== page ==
In nature, everything has its proper place and it is people’s misapplication of its resources that destroys the balance between good and bad. While a mentor to Romeo and Juliet, the friar fails to follow his own teachings; he meddles, steps out of his role, and also abuses nature by using it to attempt to fix his problems. He foreshadows his own foolishness and the problems that will arise when two heirs of opposing houses defy their places in society. Before their marriage, Romeo makes a bold statement that challenges the fates and foreshadows the following crisis. He declares that “Death may come and do what he wants as long as he had Juliet” (2.6. 7-8) that foreshadows a twist in fortune for their new love as well as the coming of death, specifically the following murders of Mercutio and Tybalt. As the plot escalates, foreshadowing of death becomes more frequent that the two lovers begin to see death in each other. As they part, Juliet gravely notices that he looks “as one dead in the bottom of a tomb” (3.5.56) to which Romeo replies, “…trust me love, in my eye so do you:/Dry sorrow drinks our blood” (3.5.58-9). They see a tragic ending in their love story and foreshadow their own deaths. Constant foreshadowing keeps readers in anticipation for the deaths; however, when the ending finally happens, it is still surprising. In conclusion, although we know the results of the future because of the reminders scattered throughout quotes, the looming knowledge of Romeo and Juliet’s deaths make the actual event more dramatic and meaningful.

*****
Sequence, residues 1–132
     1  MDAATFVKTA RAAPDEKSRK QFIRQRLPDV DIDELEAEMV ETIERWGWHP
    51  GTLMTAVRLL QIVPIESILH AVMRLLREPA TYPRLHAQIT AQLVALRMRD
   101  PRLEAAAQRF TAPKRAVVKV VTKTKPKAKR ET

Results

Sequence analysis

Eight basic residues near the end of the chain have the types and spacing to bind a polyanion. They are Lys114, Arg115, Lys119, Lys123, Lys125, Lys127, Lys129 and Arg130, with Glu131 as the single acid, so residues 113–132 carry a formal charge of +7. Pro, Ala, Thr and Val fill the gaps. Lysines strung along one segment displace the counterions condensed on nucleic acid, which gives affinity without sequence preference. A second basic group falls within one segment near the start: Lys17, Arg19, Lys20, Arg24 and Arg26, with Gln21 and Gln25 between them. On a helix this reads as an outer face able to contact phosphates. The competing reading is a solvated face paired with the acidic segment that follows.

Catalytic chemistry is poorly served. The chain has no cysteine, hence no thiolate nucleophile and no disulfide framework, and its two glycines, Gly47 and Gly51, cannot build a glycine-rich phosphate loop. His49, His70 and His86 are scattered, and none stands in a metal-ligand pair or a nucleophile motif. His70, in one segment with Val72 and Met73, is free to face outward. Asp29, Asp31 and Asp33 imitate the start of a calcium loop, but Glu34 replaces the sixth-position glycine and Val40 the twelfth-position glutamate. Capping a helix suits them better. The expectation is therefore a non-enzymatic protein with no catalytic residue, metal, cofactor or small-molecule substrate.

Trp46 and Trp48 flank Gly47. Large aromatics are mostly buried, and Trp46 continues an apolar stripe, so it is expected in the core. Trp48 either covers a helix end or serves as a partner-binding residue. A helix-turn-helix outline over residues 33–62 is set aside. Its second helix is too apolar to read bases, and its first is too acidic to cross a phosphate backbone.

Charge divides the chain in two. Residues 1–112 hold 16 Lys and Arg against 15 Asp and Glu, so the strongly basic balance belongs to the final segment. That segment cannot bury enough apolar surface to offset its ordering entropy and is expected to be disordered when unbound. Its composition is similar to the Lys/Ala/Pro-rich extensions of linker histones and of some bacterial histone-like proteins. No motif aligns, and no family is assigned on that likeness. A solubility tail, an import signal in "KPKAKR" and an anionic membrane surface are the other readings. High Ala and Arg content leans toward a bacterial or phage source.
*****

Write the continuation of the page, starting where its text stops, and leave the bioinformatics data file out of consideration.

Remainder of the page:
Written February 2, 2011.

This is the last assignment I’m posting on Romeo and Juliet, I promise! I love the play, but I’m not obsessed with it, I just thought it might be a resource to someone out there. If you missed the last Romeo and Juliet piece I posted, here it is: https://thebookybunhead.wordpress.com/2013/04/01/romeo-and-juliet-essay-themes-in-ballet-and-play/

Thanks for reading,
thebookybunhead

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The Sublime: Frankenstein inspired paragraph